So what does scale invariance of the distribution of the first significant digit really mean? It means that if we multiply all our numbers by an arbitrary constant (as we do when we change from pounds to yen, or feet to metres), then the distribution of first digit frequencies should remain unchanged. \par Since we are interested in the distribution of first significant digits it makes sense to express numbers in scientific notation $x \times 10^n $ where $ 1 \le x < 10 $. This is possible for all numbers except zero. The first significant digit - $d$ is then simply the first digit of $x$. We can easily derive a scale invariant distribution for $d$ once we have found a scale invariant distribution for $x$. \par If a distribution for $x$ is scale-invariant, then the distribution of $y=\log_{10}x$ should remain unchanged when we {\em add} a constant value to $y$. Why? Because we would be {\em multiplying} $x$ by some constant $a$, and $\log_{10}ax = \log_{10}a + \log_{10}x = \log_{10}a + y$. \par Now, the only probability distribution on $y$ in $[0,1)$ that will remain unchanged after the addition of an arbitrary constant to $y$, is the uniform distribution. To convince yourself of this, think about the shape of the probability density function for the uniform distribution.

Equiprobable digit distribution changes with scaling

Figure 5

In figure 5, $y$ is uniformly distributed between $\log_{10}(1) = 0$ and $\log_{10}(10) = 1$. \par If we want to find the probability that $d$ is $1$ we have to evaluate \begin{eqnarray*} \\ Pr\big(d = 1\big) & = & Pr\big(1 \leq x < 2 \big)\\ \nonumber &= & Pr\big(0 \leq y < \log_{10}2 \big) \nonumber \end{eqnarray*} To find this we calculate the integral $$\int_{0}^{\log_{10}2}1 dy=\log_{10}2,$$ which is approximately $0.301$. In general \begin{eqnarray} Pr\big(d = n\big) & = & Pr\big(n \leq x < n+1 \big)\\ \nonumber & = & Pr\big( \log_{10}n \leq y < \log_{10}(n+1)\big) \nonumber \end{eqnarray} and this is given by \begin{eqnarray} \int_{\log_{10}n}^{\log_{10}(n+1)}1 dy & = & \log_{10}(n+1)-\log_{10}n \\ \nonumber & = & \log_{10}((n+1)/n) \nonumber \end{eqnarray} The expression $\log_{10}((n+1)/n)$ was exactly the formula given by Newcomb and later Benford for the proportion of numbers whose first digit is $n$. So, we can show that scale invariance for a distribution of first digit frequencies of $x$ implies that this distribution must be Benford's Law!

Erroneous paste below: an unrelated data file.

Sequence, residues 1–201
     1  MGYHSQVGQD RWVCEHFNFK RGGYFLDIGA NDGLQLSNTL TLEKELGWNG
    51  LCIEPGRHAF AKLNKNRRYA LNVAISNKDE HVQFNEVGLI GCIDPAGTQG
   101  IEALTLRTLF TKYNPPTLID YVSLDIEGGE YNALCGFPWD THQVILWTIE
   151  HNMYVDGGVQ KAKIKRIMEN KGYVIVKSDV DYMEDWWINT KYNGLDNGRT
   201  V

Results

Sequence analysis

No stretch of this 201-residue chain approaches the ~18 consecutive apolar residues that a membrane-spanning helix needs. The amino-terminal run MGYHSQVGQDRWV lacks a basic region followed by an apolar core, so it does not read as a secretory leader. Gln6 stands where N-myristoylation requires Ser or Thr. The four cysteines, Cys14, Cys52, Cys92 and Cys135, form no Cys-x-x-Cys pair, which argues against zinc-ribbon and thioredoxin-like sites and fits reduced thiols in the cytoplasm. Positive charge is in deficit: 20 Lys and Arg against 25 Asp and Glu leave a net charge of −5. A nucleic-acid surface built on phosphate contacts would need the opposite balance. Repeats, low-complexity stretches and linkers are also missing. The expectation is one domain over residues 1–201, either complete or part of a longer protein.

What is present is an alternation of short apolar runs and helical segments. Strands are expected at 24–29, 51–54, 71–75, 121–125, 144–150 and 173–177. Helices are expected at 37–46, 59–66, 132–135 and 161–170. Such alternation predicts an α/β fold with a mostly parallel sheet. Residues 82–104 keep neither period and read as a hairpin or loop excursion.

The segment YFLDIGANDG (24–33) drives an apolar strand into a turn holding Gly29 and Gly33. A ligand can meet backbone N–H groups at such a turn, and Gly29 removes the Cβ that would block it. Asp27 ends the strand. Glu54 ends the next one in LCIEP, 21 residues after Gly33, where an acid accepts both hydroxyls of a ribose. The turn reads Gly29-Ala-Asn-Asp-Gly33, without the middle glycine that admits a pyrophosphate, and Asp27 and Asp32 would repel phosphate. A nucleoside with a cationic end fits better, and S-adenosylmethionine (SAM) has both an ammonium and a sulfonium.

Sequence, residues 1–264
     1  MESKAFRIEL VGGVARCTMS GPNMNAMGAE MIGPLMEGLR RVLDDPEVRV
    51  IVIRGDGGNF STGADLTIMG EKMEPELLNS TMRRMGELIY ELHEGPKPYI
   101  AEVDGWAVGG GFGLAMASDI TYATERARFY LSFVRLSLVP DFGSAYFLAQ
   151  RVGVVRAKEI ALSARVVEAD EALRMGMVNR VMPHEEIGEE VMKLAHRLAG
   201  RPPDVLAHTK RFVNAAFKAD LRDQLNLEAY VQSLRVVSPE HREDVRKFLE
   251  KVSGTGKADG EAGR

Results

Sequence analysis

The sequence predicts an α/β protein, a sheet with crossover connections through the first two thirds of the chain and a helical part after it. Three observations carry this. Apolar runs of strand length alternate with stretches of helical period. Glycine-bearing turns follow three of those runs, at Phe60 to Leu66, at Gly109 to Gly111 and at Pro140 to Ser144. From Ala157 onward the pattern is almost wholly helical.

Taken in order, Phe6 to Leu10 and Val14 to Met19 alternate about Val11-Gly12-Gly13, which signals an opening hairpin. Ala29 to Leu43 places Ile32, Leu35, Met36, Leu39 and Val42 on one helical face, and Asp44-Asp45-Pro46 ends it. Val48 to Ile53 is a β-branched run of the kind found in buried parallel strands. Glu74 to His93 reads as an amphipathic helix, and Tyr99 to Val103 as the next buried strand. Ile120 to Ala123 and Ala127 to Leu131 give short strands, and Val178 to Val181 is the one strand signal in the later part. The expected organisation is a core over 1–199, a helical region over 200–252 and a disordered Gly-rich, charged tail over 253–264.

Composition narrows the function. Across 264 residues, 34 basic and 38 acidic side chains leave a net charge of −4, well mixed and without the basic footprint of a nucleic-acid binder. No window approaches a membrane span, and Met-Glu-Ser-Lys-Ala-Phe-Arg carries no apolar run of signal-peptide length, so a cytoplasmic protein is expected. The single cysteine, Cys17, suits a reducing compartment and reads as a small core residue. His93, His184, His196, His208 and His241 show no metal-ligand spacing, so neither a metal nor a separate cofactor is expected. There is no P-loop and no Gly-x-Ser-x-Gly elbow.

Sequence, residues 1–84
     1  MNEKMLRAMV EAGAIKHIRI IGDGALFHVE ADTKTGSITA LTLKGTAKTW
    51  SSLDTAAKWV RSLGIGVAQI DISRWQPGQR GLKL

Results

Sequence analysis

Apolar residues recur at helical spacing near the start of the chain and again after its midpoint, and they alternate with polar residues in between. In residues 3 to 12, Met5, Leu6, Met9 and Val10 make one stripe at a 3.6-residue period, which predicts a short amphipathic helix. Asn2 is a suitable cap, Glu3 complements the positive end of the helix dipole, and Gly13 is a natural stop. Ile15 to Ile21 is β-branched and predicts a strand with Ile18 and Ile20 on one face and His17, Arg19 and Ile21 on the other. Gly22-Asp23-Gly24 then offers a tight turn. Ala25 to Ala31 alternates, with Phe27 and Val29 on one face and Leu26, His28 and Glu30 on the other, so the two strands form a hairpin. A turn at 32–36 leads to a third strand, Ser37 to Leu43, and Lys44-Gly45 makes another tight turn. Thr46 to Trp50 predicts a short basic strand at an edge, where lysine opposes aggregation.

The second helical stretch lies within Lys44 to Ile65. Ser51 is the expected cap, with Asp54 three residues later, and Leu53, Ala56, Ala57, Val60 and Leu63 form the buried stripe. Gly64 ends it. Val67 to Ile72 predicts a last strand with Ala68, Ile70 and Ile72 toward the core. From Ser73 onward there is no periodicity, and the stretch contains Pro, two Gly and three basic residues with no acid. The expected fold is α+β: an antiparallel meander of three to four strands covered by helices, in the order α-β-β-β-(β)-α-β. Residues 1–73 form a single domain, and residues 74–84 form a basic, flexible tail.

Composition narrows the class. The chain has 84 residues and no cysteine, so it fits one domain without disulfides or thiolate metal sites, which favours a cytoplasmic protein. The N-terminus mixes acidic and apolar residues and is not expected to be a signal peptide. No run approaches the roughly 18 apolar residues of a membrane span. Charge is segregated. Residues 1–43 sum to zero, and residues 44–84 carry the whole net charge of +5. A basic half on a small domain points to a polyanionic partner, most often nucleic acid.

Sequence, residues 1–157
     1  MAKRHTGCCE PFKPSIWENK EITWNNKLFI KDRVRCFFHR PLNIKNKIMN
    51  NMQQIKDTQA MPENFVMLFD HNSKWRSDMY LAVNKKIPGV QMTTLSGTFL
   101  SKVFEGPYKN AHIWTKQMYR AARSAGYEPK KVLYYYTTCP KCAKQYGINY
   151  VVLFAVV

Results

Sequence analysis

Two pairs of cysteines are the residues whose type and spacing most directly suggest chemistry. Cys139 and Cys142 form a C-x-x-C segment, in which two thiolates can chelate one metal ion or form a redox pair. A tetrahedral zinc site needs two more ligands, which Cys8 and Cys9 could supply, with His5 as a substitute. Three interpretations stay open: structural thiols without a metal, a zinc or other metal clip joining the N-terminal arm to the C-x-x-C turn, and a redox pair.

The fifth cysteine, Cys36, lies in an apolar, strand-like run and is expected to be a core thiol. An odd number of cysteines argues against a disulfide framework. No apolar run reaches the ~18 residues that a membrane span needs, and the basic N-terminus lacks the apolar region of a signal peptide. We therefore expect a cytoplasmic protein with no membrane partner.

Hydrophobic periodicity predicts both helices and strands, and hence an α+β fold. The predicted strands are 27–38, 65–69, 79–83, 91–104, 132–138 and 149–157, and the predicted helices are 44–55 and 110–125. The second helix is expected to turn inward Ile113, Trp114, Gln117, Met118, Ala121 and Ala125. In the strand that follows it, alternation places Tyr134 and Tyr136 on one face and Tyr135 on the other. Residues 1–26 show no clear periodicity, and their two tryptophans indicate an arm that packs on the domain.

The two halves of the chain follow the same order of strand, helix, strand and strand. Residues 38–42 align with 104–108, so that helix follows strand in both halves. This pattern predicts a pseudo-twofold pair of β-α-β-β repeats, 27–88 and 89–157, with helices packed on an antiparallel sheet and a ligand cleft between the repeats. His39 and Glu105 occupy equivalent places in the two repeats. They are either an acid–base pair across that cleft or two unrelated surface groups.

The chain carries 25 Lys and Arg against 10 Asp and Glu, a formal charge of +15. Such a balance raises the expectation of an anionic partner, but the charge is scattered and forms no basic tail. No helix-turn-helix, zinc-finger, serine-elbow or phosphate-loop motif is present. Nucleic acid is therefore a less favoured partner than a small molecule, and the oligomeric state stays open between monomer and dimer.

About the author


Jon Walthoe is presently a graduate student at the University of Sussex. As well as his graduate research, he is involved in the EPSRC-funded [ https://www.shu.ac.uk/schools/sci/pri/ ] Pupil Researcher Initiative.

After finishing his first degree at the University of Exeter, he opted out of Maths for a while. This involved working in local government among other things, and travelling in Latin America. When not doing his research, his favourite escape is sailing on the local waters in Brighton.



It might be expected, prima facie, that roughly the same number of surnames in a sample would begin with each letter of the Roman alphabet and that the proportions of surnames categorised by their initial letters would be approximately uniform and equal to 1/26.
However, for many kinds of alphabetic data, the distribution of initials is skewed. A mathematical relationship (known as Benford's law for numeric data) seems to hold when adapted to model alphabetic data.
See http://plus.maths.org/issue9/features/benford/ regarding numeric data.
Using logs with base 27, the expected proportion (P) of surnames beginning with any letter is P = log[(n+1)/n], where 0 < n < 27 is the alphabetic rank of the letter and the cumulative function of P = log[(n+1)/n] is Sum(P) = log(n+1).